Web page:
Credit markets ease on Fed move

The Federal Reserve unveiled a plan to buy up short-term corporate debt. The 3-month yield surges to near 1%.

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By Catherine Clifford, CNNMoney.com staff writer

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NEW YORK (CNNMoney.com) -- Credit markets eased slightly Tuesday after the Federal Reserve announced plans to help unclog the pipeline by buying up short-term corporate debt that is typically used to cover day-to-day business expenses.

The move is seen as a positive for lenders because the Fed's intervention means companies will be able to cover short-term debts, including payrolls. Previously, large companies had funded these daily expenses through the commercial paper market, but with the credit pipelines frozen, that source has dried up.

The Fed is filling in "a big crack" in the credit crisis, said William Larkin, portfolio manager at Cabot Money Management. "It is a step in the right direction," he said. "We don't know what the benefit will be, but there will be a benefit."

The short-term credit markets reacted immediately, with the yield on the 3-month note surging above 1% - a level not seen since Sept. 22. Prices and yields move in opposite directions so higher yields indicate less demand for the notes.

By late afternoon, the yield retreated to 0.71% but was still much higher than Monday's 0.43%.

The 3-month bill is considered one of the safest assets in times of crisis. Larkin called it "the catastrophe trade" because investors rush to park their assets in areas that may not offer the highest return but do protect the principle in the short term.

The yield had been trending sharply lower as investors poured cash into the 3-month safe haven in recent weeks. As investors gained confidence that the Fed is taking the necessary steps to unfreeze the credit markets, they shifted assets.

"Obviously, this plan is helping to avert some money out of the Treasury market and maybe into other instruments," said Peter Cardillo, chief market strategist at Avalon Partners.

Still, one analyst cautioned that investors shouldn't read too much into the 3-month yield move because the price drop could be attributed to projected surge in supply of the notes. "The government is going to sell 3-month bills, take the proceeds from those 3-month bills and buy the commercial paper," said Andrew Brenner, MF Global senior vice president.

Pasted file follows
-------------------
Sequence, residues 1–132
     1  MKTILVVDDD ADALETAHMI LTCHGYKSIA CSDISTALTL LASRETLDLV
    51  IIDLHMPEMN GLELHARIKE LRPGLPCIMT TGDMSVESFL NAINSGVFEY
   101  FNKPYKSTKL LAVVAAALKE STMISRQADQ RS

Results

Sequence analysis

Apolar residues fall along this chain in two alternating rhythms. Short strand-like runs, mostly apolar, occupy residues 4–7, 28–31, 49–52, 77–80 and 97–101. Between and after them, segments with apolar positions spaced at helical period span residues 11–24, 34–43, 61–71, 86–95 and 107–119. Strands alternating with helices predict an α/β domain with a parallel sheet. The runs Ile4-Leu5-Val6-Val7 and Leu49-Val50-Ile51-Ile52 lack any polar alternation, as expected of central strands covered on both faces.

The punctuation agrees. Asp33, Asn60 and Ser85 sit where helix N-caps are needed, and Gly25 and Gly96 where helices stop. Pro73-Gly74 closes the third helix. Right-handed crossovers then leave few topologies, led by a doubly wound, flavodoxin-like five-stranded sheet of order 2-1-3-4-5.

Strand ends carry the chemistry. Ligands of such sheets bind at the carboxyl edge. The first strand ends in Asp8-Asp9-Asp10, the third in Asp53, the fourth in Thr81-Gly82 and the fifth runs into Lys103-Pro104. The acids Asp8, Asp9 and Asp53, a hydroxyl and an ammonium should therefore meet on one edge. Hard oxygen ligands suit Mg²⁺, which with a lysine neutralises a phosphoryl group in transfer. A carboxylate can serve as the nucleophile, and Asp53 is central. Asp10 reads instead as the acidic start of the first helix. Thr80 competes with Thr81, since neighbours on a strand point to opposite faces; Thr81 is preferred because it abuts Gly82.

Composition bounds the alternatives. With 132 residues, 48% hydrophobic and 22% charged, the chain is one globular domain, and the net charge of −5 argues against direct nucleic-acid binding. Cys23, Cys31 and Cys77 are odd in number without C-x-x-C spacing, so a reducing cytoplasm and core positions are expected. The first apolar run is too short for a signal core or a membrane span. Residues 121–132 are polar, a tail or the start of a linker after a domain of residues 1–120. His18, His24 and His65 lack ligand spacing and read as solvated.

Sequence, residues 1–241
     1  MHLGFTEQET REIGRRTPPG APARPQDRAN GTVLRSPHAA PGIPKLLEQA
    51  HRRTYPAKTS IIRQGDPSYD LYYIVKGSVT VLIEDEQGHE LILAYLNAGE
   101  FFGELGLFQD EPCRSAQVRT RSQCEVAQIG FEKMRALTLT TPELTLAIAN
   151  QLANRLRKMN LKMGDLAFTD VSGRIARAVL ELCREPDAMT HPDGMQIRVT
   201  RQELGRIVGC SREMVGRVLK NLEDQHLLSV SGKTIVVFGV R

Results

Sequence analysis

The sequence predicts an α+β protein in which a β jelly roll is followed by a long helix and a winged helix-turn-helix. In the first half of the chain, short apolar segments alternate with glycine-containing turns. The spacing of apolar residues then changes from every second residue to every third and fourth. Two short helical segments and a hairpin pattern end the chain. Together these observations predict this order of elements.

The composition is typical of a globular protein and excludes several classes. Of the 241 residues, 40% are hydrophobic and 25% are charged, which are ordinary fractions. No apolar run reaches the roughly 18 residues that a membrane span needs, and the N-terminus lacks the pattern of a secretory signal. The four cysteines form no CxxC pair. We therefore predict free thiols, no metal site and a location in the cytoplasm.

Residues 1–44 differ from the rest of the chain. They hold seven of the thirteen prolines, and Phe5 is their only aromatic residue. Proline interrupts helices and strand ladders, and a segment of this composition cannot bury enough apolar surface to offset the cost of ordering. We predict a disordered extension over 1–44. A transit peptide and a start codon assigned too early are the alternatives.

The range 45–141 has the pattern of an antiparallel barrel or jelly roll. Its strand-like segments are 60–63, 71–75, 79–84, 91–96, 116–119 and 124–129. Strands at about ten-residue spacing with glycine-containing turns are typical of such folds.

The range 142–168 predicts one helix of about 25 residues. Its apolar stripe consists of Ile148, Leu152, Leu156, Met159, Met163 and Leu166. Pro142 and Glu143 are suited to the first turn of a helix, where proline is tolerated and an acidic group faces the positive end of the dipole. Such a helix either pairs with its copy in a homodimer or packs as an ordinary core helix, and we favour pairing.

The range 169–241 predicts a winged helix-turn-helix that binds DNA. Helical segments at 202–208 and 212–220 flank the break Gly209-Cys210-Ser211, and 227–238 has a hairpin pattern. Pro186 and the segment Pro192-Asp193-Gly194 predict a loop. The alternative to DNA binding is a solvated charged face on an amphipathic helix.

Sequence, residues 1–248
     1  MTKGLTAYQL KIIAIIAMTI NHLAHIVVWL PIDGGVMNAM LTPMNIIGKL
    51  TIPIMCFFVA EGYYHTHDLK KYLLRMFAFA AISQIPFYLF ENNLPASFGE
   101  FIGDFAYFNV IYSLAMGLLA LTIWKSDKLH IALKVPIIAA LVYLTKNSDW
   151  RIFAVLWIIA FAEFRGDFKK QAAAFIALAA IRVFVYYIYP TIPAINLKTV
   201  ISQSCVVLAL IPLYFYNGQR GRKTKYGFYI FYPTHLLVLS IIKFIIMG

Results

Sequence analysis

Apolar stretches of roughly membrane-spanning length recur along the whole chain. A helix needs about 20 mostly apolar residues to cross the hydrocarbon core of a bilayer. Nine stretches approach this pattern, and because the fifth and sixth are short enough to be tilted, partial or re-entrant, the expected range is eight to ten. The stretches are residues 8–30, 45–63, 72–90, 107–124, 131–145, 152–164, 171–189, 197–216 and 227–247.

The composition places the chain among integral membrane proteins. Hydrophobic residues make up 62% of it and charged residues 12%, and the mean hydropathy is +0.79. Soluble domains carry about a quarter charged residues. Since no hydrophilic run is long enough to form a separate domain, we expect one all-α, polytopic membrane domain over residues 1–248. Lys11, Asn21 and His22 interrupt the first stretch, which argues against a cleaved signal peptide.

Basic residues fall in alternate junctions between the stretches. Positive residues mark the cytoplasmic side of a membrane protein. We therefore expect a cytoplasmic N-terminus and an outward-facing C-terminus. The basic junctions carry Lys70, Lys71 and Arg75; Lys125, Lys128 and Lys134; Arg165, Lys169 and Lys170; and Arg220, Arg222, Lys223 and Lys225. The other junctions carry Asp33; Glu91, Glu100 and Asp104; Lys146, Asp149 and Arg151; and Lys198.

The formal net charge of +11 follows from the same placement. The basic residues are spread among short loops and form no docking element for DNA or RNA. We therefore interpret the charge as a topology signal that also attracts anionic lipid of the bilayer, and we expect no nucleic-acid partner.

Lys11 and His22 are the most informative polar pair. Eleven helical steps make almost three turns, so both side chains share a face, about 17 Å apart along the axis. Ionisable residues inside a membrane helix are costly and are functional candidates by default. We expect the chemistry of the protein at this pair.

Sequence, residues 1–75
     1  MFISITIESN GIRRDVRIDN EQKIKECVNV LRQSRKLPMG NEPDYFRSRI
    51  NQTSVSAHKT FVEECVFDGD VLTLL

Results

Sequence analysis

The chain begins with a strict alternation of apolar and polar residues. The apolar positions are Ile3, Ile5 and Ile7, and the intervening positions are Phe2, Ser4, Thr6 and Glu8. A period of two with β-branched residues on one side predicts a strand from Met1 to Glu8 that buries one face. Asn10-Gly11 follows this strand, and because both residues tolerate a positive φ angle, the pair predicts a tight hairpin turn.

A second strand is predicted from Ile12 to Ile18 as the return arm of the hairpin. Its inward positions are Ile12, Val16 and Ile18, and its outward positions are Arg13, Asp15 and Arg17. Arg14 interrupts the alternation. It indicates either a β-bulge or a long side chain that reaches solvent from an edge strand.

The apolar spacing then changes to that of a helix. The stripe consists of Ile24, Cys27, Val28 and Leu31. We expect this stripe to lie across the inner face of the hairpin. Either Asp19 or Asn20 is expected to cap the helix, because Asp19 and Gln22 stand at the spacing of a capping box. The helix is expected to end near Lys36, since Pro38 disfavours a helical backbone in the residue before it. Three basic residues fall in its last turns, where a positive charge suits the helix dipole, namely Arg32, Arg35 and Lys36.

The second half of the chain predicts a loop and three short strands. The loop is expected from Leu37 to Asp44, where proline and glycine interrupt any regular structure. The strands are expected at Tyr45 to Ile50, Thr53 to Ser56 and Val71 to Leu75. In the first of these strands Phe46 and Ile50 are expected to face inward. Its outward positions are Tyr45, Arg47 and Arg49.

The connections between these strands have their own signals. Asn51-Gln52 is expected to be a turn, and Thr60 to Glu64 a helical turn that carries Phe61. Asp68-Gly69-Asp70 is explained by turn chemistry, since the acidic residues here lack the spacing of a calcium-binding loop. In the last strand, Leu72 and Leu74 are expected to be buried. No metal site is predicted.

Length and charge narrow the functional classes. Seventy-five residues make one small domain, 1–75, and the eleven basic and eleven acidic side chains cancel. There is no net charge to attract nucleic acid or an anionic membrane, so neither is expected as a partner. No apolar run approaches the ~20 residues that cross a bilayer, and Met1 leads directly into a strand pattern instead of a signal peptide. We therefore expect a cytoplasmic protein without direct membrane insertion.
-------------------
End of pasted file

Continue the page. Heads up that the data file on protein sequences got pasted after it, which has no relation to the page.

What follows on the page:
Questions remained about the long-term recovery of the economy. Tuesday afternoon, Federal Reserve Chairman Ben Bernanke said he believes the global financial crisis will extend into next year. He also hinted that the Fed may be getting ready to cut interest rates. The Fed's next scheduled meeting is Oct. 28-29.

Long-term bonds: As the market digests the Fed's latest move and Bernanke's comments, longer-term Treasury prices gyrated.

The benchmark 10-year note fell 12/32 to 104-3/32 and its yield rose to 3.5% from 3.49% late Monday. Bond prices and yields move in opposite directions.

The 30-year bond was down 1 to 108-2/32 and its yield was 4.03%.

The 2-year note ticked higher 2/32 to 101-1/32 and its yield dipped to 1.45% from 1.46%.

The "2-10 yield spread," or the difference between the 2-year and 10-year yields was 2.05%, just more than the 2.03% gap Monday. The spread hardly moved in the past few days, even after the bailout bill was passed, although it narrowed earlier Tuesday just after the Fed's announcement.

Market gauges: Key market indicators suggested that risk aversion was easing. While the overnight London interbank rate (Libor) nearly doubled to 3.94% from 2.37% Monday, it was set before the Fed's corporate bailout announcement. Libor is a daily average of what 16 different banks charge other banks to lend money in London.

The 3-month Libor, also set prior to the Fed news, rose to 4.32% from 4.29% Monday. Both the overnight and 3-month rates remain at levels not seen since January.

One indicator of how willing banks were to lend to other banks, called the "TED spread," showed high prices of loans between banks. The TED spread measures the difference between the 3-month Libor and the 3-month Treasury bill, and is a key indicator of risk. The higher the spread, the bigger the aversion to risk.

The TED spread was at 3.46% Tuesday after reaching a record high of 3.95% Monday. That's quite a leap from a month ago when the TED spread was only 1.04% on Sept. 5.

Another gauge, the Libor-OIS spread, topped 2.86%, easing from an earlier record 2.97%. Libor-OIS measures how much cash is available for lending between banks, and is used by banks to determine lending rates. The bigger the spread, the less cash is available for lending.

Fed steps in: According to a statement from the Federal Reserve, the creation of the Commercial Paper Funding Facility means that the Central Banks would purchase short term debt, also called commercial paper, directly from companies in an effort to jolt the frozen credit markets.

The Federal Reserve's unprecedented move raises inflationary concerns, said Michael Cheah, senior portfolio manager at AIG SunAmerica, because in order to come up with the funds to lend, the Fed has to increase the money supply.

Yet, the move was seen as necessary. "They are intervening into a free market system, but in this particular crisis, if that is what we need to get the ball rolling again, then so-be-it," said Peter Cardillo, chief market strategist with Avalon Partners. "They need to arrest the fear factor," he said.  To top of page

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